Monday, 1 October 2012

Games people should have played: Part 1: Lead and Gold - Gangs of the Wild West

Every so often, a moment of great serendipity occurs and someone (in this case myself) will be exposed to something (in this case Lead and Gold) that they wouldn't have otherwise witnessed. This cataclysmic event often culminates in the form of half baked articles on partially successful Internet blogs, and today you are reading just such a blog. For more hilarious screenshot based fun, look no further

About a year ago, I was on a massive cowboy binge in the most heterosexual way possible. I believe it was caused by playing Call of Juarez, which consequently made me play the 2nd Call of Juarez game, followed by a whole slew of shitty cowboy flash games, and a massive urge to buy Red Dead Redemption (ultimately resisted due to the lack of console at the time). As such, when a steam daily deal flashed up with a cowboy game, you can bet mouse buttons were clicked fast, and thus I came into the ownership of Lead and Gold - Gangs of the Wild West. A game made by the team behind War of the Roses, the soon to be realised historical multiplayer team game, and part of the season why I've chosen now to do this... postmortem.



Now I really liked what I played of Lead and Gold, but that is the problem, I couldn't play very much. In what I think is the first example I have ever come across. A new game I purchased, had virtually no-one on it. I think I got to play 4 or so, half full games, which were really good fun.

Pictured is me playing as the suave, black fellow of the piece, the deputy. Also pictured, a 2nd player, a rarity, even back then.

So skip forward to today, and here we are. 25 players online, no games for ten minutes. Well, all except one lone fellow. It was all very sad, it is a well constructed game which feels good, looks good and plays well. As to why it doesn't have a small, dedicated player base is beyond me. I can only assume, like me, it got ignored at launch, and after that, it was too late.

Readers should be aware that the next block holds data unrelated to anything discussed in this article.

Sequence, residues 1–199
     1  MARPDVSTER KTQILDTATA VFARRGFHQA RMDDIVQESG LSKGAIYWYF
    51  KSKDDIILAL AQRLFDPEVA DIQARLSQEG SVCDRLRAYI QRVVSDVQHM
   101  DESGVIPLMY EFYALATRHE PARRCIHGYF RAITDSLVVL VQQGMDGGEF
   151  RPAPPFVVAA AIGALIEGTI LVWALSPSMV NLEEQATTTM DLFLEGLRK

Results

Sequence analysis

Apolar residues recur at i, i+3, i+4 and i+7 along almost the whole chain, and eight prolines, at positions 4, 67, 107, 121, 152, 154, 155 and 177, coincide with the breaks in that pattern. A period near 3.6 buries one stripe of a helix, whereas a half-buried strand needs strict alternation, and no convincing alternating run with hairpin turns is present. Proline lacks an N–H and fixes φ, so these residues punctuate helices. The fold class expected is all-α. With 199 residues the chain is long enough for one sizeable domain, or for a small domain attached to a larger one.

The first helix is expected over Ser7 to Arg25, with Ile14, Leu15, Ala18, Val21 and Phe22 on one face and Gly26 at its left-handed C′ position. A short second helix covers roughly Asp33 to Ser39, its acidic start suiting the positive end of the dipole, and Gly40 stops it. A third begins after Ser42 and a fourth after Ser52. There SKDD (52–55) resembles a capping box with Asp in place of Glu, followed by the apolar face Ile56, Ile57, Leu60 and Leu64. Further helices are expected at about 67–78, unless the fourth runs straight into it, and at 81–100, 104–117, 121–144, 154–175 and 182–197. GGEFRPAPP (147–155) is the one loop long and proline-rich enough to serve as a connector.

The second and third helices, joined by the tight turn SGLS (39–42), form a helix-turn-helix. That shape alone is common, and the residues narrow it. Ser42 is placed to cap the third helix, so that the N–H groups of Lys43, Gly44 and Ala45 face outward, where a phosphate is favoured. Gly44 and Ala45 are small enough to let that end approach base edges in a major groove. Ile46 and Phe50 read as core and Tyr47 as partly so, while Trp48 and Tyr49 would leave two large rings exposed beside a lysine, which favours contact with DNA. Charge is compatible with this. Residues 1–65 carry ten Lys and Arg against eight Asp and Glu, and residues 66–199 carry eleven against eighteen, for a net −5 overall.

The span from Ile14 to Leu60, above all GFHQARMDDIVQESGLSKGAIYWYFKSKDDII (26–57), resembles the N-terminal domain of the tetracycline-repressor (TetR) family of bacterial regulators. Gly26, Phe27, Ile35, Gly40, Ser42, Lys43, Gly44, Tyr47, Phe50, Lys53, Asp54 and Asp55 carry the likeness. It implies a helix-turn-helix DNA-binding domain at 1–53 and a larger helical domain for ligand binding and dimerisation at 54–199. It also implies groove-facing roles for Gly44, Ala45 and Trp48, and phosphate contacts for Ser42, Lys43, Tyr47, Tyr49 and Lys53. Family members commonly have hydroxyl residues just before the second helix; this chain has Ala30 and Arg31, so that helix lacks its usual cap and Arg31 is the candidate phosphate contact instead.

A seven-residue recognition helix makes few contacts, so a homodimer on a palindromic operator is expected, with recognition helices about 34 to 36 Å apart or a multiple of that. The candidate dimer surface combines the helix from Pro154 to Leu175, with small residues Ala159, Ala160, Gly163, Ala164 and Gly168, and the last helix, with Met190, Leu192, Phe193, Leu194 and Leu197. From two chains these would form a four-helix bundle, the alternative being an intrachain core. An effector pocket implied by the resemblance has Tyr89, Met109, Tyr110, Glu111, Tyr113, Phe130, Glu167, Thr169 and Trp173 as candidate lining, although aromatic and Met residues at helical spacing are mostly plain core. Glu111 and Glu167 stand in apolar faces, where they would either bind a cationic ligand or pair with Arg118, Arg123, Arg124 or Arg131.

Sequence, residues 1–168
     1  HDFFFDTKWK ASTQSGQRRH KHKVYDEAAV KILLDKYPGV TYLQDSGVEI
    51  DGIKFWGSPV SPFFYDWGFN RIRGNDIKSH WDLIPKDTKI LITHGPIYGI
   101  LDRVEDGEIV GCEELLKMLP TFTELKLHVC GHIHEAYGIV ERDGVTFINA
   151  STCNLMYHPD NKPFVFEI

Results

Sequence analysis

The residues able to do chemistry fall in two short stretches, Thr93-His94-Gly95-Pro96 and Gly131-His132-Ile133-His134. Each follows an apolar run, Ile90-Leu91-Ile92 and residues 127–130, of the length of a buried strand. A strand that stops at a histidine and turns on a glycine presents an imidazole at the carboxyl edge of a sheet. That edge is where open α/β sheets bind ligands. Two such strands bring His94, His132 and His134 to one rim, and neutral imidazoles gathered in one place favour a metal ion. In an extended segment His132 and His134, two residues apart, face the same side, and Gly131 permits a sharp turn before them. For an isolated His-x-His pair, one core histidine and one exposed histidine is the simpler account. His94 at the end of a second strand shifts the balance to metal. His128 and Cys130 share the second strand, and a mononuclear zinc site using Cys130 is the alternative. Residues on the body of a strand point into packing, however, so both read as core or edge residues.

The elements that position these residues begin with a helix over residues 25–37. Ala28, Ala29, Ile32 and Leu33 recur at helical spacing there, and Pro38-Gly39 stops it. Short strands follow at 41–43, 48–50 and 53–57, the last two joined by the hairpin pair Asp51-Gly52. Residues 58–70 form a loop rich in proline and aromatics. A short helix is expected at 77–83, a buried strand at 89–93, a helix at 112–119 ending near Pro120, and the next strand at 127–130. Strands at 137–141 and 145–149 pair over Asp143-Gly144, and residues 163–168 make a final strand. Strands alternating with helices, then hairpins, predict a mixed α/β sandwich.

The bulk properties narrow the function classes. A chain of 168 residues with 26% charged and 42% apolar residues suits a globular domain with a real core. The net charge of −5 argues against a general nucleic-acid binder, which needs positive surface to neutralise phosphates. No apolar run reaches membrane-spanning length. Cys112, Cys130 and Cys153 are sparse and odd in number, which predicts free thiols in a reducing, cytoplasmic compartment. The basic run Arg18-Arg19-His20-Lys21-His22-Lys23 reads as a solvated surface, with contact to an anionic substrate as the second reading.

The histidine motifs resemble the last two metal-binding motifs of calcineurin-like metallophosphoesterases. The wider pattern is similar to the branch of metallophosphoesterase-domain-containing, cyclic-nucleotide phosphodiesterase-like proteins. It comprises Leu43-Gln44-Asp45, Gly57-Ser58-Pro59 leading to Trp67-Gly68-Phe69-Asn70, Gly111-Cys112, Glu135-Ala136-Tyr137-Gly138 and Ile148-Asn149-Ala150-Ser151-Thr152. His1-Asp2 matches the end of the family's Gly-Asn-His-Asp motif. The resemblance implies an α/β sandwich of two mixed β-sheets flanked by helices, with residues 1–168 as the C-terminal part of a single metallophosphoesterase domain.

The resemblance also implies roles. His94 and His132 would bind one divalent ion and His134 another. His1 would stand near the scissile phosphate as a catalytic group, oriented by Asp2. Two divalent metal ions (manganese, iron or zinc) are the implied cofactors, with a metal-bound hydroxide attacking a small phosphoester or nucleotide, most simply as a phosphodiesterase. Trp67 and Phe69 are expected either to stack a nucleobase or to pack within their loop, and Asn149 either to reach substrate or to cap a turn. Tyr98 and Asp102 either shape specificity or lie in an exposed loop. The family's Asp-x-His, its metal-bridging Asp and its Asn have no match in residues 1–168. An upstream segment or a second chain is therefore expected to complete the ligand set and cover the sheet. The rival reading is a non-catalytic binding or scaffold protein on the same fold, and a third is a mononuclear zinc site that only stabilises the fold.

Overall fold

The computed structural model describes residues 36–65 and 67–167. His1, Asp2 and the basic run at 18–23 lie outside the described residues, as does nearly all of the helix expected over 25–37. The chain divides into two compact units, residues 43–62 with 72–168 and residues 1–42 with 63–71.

Pictured: The last two knights of the old school, the courageous Doktor, and his plucky sidekick, Mullvaden^. Together we duelled many an AI, but it just wasn't the same. 

They came, and we slaughtered them in their thousands (or tens). When going against very sporadic waves, the game feels slow, and the 4 classes become noticeably lacklustre.

 This action packed jump would've been that much more awesome had there been anyone but faithful Mullvaden^ on.

But even Mullvaden eventually left, this is my last image with him on it. If, somehow, you stumble upon this, you were probably the last person I played this game with, and for that I thank you. Anyway, this is the Gunslinger, he purely has a pistol, but can fire 6 shots in rapid succession for high damage, lethal close range, versatile to the max.

Then we have Lead and Gold's very own Stinky Pete, the Prospector. As you can probably tell by the image, he has a mean double shot gun, and an explosive fitting to his mining nature. His pistol is a slower firing, heavier damage one. He is designed to break stalemates by sheer force of gunpowder, a heavier class, useful in areas such as mines or indoors. 

Then we have the class I remember having the most fun with, the waist-coated, would be played by a young Samuel L Jackson in the never happening Lead and Gold movie, the deputy! He works on a mid-range distance, not really excelling at either, but being completely competent at both. His bolt action rifle, natural speed, and light pistol all fit well for this classic western trope. He also has a marking system, which only is really useful when you have players to mark.

And finally, the generic sniper class, happens to be a woman, has overpowered sniper rifle, lays traps. I can use the lack of things I have to write about this class to neatly conclude my 'Class introductions' to a game that absolutely nobody plays. Maybe one day Steam will have a free weekend, or a midweek madness, dedicated to Lead and Gold.

And now, as I move to conclude this article, I say, let us not look at the past Fatshark, but to the glorious future. In less than 24 hours, your new game, War of the Roses shall be release, and I, and the other fine gentlemen who pre-ordered this game will embark upon a tale of medieval mayhem. Is it doomed to the fate Lead and Gold was? Hopefully not, as long as the game itself is well constructed, enough people seem to have pre-ordered it to guarantee that this game will have a fan base for long enough to come. 

3 comments:

  1. Let us know how War of The Roses goes.

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    Replies
    1. Thanks,Will do, less than an hour until release now. Getting excited. Annoying lack of preload though.

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  2. First of all thanks for your post. This blog is very useful and valuable information. Thank You for sharing this post..game developers

    ReplyDelete